Jim Forest is secretary of the Orthodox Peace Fellowship and lives in The Netherlands. He is the author of many books including Praying with Icons and The Road to Emmaus. Using recently published diaries and letters along with his own involvement in the Catholic Worker movement, Forest has written a passionate, detailed, and illuminating biography of the inimitable Dorothy Day ((1897-1980).
Even as a high school student, this extraordinary woman had a fascination with city life and the plight of the poor which was fed by the Russian writer Peter Kropotkin. She worked as a journalist and in 1927 became a Catholic and then in 1933 launched with Peter Maurin the radical publication Catholic Worker. This project enabled her to harvest her passion for social justice, to write regularly, and to take care of her daughter from a failed marriage.
Soon a community formed around Day and her mission of taking care of the poor, the hungry, and the homeless. Volunteers appeared to help sell the paper on the streets, picket and protest, and work in the hospitality houses. By 1938, the print run for the paper was 190,000. Over the years, the Catholic Worker was involved with both the civil rights movement and efforts to unionize farm workers. Of course Dorothy Day's pacificism angered many Catholic priests who preached to their congregations in support of the war. She insisted that wartime "does not exempt us from the commandment to love our enemies and do good to those who curse us, for the Gospel never changes."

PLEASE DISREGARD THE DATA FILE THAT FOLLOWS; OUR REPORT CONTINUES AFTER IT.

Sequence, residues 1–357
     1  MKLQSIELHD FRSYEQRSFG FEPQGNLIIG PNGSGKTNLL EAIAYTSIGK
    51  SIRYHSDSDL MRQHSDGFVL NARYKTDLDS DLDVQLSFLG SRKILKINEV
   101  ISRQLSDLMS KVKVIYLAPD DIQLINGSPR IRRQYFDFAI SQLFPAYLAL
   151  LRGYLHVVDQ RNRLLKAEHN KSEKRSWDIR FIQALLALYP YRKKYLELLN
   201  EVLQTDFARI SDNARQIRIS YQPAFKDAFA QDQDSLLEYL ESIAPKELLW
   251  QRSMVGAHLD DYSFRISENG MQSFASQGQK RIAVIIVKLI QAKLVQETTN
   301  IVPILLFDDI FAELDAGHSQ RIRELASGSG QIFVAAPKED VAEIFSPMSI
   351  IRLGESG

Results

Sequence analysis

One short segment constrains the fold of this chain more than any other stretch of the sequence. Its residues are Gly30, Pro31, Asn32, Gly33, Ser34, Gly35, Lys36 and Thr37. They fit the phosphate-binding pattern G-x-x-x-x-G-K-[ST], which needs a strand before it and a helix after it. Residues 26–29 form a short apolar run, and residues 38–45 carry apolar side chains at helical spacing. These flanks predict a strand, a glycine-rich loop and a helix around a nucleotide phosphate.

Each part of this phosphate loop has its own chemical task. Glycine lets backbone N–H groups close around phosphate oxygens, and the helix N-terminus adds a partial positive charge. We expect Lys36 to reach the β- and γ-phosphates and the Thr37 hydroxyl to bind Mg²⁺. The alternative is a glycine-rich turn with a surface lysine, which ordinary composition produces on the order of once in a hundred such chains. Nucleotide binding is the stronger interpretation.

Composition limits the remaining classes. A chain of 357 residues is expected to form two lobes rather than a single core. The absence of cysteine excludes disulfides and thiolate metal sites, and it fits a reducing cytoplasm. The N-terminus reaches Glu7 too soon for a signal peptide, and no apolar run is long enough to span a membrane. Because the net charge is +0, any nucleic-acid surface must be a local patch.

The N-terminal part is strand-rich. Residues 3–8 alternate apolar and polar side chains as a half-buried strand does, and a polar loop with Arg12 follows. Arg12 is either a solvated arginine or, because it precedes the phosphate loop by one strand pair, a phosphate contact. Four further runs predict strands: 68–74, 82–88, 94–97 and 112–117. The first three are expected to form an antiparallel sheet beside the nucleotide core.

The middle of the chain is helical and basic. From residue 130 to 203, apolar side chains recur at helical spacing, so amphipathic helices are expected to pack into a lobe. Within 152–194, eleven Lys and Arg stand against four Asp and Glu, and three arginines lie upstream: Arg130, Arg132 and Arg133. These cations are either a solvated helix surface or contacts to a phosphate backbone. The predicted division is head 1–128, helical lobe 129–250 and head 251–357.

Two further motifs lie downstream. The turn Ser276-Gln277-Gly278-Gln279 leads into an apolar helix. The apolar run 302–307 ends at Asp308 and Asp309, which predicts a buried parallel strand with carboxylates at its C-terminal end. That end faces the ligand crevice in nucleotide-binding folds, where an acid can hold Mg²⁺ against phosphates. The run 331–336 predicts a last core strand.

Day's practice of civil disobedience landed her in jail on many occasions. But she also had plenty to thankful for in the 1960s with the publication of Pope John XXIII's Pacem in Terris, the Second Vatican Council, and U.S. Congress' passage of the Civil Rights Act of 1964 and the Voting Rights Act of 1965. Then the war in Vietnam brought Day's nonviolent activism to life as she led and participated in demonstrations, teach-ins, vigils, picket lines, and other acts of protest.
"We are all called to be saints," Day would say frequently but whenever people spoke of her as a saint, she got uncomfortable. Father Henry Fehren in promoting her as a saint wrote about what impressed him most about her: "Her perseverance — year after year living an austere life in the grimmest of conditions, being jailed again and again, never giving up doing the works of mercy, never getting cynical, never letting her love of God and people dissolve."
Forest goes even further in his praise of Day in "A Personal Remembrance" where he salutes her for finding beauty in strange places, her determination and resiliency, her patience, her love of the Mass, her zeal for justice, and her modeling of compassion, hospitality, and mercy.